Thursday Sep 26, 2013

Session Report: 50 New Features of Java EE 7 in 50 minutes

 by Timothy Beneke

On Tuesday afternoon, noted Java EE authors Arun Gupta and Antonio Goncalves offered a whirlwind tour of new features in “Java EE 7: Fifty New Features of Java EE 7 in 50 Minutes”. Gupta is legendary at Oracle for his hard work and astute grasp of the Java EE platform. His blog offers a wealth of insight into Java EE and other Java matters. He is the author, most recently, of Java EE 7 Essentials published by O’Reilly. Goncalves is one of the most highly regarded writers on EE anywhere and the author of Beginning Java EE 7, published by Apress.

Java EE 7’s new features enhance HTML5 support, increase developer productivity, and further improve how enterprise demands can be met. Developers will write significantly less boilerplate code, have better support for the latest Web applications, and gain access to enhanced scalability and richer, simpler functionality. The session did a stellar job of spelling out the details to a packed house.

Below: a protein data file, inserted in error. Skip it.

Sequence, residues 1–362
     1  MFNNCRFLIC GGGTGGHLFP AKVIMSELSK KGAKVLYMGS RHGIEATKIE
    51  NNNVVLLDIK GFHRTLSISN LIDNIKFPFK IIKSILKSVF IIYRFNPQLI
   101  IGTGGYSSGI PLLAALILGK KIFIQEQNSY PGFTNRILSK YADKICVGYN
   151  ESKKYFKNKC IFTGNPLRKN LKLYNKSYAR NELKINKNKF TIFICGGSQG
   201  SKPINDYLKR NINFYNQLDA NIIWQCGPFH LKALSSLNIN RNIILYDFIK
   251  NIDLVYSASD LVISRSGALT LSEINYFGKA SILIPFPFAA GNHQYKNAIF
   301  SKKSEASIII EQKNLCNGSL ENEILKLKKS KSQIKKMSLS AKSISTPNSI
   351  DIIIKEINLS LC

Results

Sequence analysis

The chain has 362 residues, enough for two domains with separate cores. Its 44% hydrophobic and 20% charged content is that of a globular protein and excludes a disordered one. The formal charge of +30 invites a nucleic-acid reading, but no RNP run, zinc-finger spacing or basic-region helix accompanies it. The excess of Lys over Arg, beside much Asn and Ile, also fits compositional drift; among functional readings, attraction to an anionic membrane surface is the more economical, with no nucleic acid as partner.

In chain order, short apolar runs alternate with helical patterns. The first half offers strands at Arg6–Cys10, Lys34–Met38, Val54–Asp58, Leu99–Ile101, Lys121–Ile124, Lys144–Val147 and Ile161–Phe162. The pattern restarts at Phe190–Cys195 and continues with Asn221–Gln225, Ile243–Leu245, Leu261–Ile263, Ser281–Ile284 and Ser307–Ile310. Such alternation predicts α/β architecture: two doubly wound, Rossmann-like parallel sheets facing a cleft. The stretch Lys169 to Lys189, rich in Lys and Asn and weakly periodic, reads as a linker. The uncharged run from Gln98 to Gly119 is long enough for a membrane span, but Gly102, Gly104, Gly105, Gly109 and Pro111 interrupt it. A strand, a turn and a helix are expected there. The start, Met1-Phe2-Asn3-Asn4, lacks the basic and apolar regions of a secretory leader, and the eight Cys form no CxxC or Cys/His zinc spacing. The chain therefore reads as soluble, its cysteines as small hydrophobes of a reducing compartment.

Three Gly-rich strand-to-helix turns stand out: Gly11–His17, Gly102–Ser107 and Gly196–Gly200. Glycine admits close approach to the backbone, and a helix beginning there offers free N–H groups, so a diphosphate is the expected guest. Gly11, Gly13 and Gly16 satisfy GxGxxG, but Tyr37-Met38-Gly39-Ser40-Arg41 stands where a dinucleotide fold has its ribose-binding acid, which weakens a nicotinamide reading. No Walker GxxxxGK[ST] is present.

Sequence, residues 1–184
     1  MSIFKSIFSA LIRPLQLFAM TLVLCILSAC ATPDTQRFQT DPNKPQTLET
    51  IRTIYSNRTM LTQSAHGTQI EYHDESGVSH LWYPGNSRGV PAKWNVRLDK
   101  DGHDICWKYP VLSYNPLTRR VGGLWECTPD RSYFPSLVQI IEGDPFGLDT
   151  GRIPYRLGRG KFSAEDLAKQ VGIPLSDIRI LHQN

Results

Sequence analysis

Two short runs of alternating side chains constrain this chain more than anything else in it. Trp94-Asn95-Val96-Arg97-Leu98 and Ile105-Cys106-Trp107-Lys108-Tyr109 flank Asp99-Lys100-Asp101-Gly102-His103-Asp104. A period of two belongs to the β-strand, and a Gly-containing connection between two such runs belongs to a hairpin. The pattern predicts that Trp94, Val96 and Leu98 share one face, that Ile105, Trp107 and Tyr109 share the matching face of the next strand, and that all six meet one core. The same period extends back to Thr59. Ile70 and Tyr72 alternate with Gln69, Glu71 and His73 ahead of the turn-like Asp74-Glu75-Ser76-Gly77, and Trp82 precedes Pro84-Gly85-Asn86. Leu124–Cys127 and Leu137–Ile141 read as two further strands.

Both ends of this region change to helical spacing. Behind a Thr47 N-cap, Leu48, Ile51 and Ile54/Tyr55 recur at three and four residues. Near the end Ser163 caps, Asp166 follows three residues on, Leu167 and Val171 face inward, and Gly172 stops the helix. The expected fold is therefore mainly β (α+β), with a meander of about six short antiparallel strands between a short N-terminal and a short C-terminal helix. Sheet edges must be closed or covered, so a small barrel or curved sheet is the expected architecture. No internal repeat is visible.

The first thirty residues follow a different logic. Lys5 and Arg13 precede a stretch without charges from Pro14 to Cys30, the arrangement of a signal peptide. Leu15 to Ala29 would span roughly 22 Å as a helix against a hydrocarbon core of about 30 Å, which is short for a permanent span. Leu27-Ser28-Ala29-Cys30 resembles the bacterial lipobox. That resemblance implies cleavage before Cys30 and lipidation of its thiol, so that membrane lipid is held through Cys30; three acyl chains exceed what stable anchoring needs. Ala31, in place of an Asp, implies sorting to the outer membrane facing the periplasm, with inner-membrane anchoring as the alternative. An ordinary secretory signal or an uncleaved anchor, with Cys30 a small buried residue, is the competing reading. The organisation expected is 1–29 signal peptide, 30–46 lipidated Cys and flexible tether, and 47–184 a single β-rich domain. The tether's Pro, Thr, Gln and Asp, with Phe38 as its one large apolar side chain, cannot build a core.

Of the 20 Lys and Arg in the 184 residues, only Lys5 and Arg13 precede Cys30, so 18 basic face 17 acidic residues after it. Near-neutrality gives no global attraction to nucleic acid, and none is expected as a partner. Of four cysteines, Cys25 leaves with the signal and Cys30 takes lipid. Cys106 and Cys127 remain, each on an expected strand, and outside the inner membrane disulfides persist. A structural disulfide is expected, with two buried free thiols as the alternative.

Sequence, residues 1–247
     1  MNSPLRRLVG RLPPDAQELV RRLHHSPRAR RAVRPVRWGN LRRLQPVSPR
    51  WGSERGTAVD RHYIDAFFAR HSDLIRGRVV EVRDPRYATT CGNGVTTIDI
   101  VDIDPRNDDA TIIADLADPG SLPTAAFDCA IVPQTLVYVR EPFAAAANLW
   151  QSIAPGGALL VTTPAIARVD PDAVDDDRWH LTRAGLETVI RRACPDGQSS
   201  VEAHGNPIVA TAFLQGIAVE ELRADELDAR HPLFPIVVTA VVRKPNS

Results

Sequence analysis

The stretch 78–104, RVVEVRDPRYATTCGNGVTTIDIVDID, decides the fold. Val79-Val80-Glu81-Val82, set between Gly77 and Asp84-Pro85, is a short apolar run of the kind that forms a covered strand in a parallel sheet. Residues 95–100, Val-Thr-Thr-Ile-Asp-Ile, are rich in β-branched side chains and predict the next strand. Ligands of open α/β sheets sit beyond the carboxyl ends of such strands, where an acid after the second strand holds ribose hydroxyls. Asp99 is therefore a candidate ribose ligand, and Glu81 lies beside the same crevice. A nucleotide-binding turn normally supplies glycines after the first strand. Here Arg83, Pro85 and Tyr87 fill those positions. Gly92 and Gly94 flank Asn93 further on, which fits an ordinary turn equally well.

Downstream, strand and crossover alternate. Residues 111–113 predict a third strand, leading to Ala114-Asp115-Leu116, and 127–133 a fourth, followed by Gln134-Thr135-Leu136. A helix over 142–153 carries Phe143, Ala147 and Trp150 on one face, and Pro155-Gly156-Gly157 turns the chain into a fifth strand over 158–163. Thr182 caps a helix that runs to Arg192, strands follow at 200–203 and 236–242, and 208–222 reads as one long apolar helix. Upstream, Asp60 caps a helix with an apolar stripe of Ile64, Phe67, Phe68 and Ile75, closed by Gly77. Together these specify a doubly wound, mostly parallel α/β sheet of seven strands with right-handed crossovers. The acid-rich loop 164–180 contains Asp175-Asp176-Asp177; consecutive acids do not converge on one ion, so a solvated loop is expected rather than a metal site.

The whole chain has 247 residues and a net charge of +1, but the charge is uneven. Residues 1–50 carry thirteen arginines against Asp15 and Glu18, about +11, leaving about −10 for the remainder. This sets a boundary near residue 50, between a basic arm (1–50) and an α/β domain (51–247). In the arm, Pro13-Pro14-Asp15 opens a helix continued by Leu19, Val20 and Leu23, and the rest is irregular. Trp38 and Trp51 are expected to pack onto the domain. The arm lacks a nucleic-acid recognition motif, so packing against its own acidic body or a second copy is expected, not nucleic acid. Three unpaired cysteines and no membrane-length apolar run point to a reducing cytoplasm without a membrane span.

With four new components (WebSocket, JSON-P, batch, and concurrency), and three old ones significantly updated (JAX-RS, JMS, and EL), along with other significant changes to the platform, a lot of new functionality has been added.

They divided the new Java EE 7 features into 19 categories and explained an average of two to three features in each category.  Here were the categories:

CDI 1.1 (JSR 346)
Bean Validation 1.1 (JSR 349)
Interceptors 1.2 (JSR 318)
Concurrency utilities 1.0 (JSR 236)
JPA 2.1 (JSR 338)
JTA 1.2 (JSR 907)
EJB 3.2 (JSR 345)